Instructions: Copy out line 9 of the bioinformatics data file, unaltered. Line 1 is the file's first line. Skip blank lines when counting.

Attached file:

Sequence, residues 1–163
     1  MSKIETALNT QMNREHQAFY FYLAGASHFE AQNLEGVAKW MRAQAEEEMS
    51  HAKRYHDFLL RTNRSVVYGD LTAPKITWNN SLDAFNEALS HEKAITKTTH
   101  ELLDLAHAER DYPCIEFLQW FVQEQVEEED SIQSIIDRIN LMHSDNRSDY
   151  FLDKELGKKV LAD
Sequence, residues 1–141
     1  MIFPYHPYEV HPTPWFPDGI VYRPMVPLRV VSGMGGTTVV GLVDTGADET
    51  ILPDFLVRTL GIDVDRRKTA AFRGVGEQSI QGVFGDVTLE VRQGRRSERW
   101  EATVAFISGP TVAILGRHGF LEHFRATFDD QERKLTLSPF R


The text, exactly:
   101  EATVAFISGP TVAILGRHGF LEHFRATFDD QERKLTLSPF R